Last week, Taylor Swift made her newest album, Reputation, available for streaming services. This completes a rollout that began as a remarkable failure. An objectively bad first single, a PR misstep involving her lawyers (note: lawyers are to PR as oil is to water), and rarely seen audibles being called by Swift and her team led many to suspect her latest effort would flop.
The dust has cleared. What we’re left with is not her best album, but it is undoubtedly her most aggressive. With Reputation, Swift recognizes that the best way to be seen as more than the girl next door, is to go, unapologetically, right through the wall.
This is not her comfort zone. Her songs have always had nice round edges. But on Reputation, she takes the risk of embracing coarser craftsmanship by using pop and hip-hop’s existing IP. If Reputation sounds familiar, it’s by design. Swift packs up her unique talents to travel to a place she hasn’t been. When she arrives, she does what tourists do: get directions from the locals.
It’s hard not to hear Rihanna’s smoky dancehall, Phantogram’s layered rhythms, Sleigh Bells industrious percussion, FKA Twigs sultry breathiness, and the abrasive sonics of her famed nemesis, Kanye West. Even when it doesn’t work (“I Did Something Bad”, “This is Why We Can’t Have Nice Things”), you appreciate her willingness to try.
Following the success of 1989, Swift could have very easily made another shimmering tour through timeless pop. Instead, she chose to do something she hasn’t done before, even if it’s been done before.
She’s always been the Batman among her popstar peers, relying on intellect in the absence of superpowers. Without the sheer creative force of Beyoncé or the arresting soulfulness of Adele, she got to where she is by outsmarting her opposition. This cleverness-over-artistry is probably what Kanye can’t seem to cope with regarding her; that she doesn’t have to be an insane narcissist to make good music (Kanye is a legend. Kanye is also an asshole).
Taylor Swift’s success is a fascinating demonstration of will and wit. Her rise from niche teenage country artist to pop megastar is not what is so surprising. It’s that she achieved this when there was every reason that she shouldn’t.
Swift emerged as a doe-eyed, affluent, white teenager with an okay voice. Stop me when that becomes a brand worth paying attention to.
But she triumphed with something few have a potent enough combination of: an irrepressible work ethic, shrewd business skills, awareness, and a gift for writing really great songs. She tells familiar stories, but with quips, wordplay, and cryptic messages that trigger curiosity. She looked the part, but more importantly, she made damn sure she wrote the script.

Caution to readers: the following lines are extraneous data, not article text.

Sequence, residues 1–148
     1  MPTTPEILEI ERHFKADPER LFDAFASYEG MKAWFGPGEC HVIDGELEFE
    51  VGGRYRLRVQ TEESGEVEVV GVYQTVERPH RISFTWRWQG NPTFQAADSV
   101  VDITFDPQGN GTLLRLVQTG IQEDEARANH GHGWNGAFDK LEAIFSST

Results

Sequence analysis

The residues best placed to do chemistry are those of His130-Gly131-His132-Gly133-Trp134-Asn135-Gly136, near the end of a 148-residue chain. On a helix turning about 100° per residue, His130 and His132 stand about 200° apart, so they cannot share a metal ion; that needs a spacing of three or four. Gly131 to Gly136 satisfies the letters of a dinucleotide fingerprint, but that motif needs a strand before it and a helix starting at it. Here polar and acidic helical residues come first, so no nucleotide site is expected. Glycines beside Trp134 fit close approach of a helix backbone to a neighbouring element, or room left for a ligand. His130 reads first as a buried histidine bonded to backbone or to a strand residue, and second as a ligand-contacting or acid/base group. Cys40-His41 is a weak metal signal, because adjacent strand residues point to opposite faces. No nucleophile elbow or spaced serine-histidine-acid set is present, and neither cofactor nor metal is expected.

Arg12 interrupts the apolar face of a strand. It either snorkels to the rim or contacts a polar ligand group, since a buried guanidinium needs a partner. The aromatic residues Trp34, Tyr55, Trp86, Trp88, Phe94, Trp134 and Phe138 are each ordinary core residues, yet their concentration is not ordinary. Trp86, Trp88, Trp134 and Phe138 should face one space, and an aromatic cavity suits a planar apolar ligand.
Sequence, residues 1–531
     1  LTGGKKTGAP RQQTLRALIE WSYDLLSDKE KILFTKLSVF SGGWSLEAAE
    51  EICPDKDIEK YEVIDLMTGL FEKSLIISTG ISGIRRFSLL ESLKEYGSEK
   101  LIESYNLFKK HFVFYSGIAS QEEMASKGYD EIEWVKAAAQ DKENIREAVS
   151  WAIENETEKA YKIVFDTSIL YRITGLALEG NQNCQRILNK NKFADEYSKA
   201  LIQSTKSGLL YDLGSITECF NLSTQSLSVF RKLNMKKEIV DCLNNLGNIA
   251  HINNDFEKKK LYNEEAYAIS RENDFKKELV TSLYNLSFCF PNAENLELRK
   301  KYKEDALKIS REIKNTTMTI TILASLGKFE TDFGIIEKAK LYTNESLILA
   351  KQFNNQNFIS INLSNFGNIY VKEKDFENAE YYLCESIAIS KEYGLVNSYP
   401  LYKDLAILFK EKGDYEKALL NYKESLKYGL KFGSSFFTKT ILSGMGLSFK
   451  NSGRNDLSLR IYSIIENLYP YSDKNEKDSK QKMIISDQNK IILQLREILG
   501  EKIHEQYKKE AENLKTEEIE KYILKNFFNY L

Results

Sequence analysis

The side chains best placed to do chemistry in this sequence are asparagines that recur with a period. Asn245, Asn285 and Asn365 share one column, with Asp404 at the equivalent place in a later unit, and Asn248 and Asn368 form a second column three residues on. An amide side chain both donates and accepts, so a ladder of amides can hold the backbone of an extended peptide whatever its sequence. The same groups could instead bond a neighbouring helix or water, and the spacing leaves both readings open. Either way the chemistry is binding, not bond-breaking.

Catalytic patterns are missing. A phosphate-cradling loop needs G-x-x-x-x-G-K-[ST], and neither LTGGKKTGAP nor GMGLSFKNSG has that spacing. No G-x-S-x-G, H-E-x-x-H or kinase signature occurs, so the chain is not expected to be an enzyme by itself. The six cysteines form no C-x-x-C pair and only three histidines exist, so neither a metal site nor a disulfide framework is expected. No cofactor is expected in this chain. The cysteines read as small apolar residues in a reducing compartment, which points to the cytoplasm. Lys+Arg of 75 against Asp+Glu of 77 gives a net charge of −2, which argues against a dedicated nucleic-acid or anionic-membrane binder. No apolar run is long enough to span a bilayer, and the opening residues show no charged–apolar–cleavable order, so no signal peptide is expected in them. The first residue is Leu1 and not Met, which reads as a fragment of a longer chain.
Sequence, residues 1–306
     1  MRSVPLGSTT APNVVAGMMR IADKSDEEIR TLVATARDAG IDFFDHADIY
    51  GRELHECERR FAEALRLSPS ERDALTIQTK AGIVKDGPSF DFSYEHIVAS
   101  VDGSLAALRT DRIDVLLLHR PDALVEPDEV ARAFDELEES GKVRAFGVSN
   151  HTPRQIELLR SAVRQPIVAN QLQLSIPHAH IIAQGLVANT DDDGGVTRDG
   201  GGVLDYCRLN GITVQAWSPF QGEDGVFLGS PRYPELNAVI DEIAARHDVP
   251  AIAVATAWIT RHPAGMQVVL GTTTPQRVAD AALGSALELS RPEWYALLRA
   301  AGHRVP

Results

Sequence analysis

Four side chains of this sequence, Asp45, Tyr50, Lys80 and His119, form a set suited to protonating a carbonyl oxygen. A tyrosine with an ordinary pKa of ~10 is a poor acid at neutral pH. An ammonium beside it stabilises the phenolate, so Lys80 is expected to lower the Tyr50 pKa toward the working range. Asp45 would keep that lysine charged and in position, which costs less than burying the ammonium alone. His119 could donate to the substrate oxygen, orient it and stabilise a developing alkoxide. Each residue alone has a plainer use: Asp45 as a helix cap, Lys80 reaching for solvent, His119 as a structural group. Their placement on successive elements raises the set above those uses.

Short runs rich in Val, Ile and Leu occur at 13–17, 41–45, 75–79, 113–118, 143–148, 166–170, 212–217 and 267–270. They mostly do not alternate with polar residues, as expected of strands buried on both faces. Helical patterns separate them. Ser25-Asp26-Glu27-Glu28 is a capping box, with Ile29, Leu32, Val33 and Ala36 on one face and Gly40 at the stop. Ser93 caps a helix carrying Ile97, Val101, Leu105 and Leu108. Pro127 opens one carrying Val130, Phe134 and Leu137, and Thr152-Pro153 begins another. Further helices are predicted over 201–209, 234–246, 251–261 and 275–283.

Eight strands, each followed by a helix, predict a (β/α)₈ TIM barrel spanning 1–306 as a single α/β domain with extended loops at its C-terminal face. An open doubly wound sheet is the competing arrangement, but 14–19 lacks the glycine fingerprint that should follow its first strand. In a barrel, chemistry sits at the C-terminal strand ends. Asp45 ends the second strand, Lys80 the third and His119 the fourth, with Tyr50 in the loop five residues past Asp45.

Like all powerful brands, the tedious mechanics of her operation work feverishly behind the scenes to make the product itself, poetry. She maneuvered herself to the main stage while maintaining her affability.
1989 was nearly unanimously celebrated. But as we’ve seen time and time again—and sadly, it seems to always happen to women—the closer you get to the top, the harder we’re going to make it for you to breathe. For Swift, I hope she brought oxygen.
You can tell me she earned her criticism, but let’s take a step back and recognize what she gets attacked for: She tries too hard to act humble, she doesn’t like to talk about politics, she reacted negatively to being called a Nazi sympathizer, she celebrates her friends, she can be petty about relationships gone bad, and she posts her cats a lot on Instagram.
I just described…everyone I know.
I still respect her triumph of capitalism. Some attribute this to her being far too calculated. I’d ask them, what superstar got to where they are without significant calculation? She’s also, by all accounts, a nice person in a position of power. Given what we’ve seen this past year, isn’t that okay to cheer for?
I won’t defend the lead single. “Look What You Made Me Do” is a terrible song by every metric. Any of the other 14 tracks would have served better to declare the album’s impending release. But fumbling the ball on the first play doesn’t mean you still can’t win the game.
The remaining songs range from fine to great. “Dress” is not just an album highlight, but Taylor Swift’s sexiest song to date. “Delicate” bounces intimately along to the reminder of how essential booze is to the beginning of a relationship. “Getaway Car” has a lyrical cadence that glides to a pulsating beat with Springsteen-enthusiast Jack Antonoff’s sticky fingers all over it. And “New Year’s Day” closes the album out on Swift’s best attributes as an artist.
The final track omits the synths and drum machines in favor of a piano and an acoustic guitar. It feels like a wink from Swift as she lays the groundwork for an eventual return to her first love, country music.
When the neon synths and bone rattling bass drops exhaust both her and an aging fan base, she’ll be more than prepared to pivot, again. Remember, she’s great with calculation.
That’s how she was able to be the country artist who made a pop album. And how she is the latest pop artist to make a trap album. Is this as suitable a place for her? No. Did it stop her? No. If you don’t like it, her “ass is located in the back of (her) body.”
It’s hard not to notice that the album opens with Swift clearing her throat. It’s a call for attention; the beginning of a declaration that she’s not your cute friend next door anymore. She won’t be that vulnerable. Her reputation depends on it.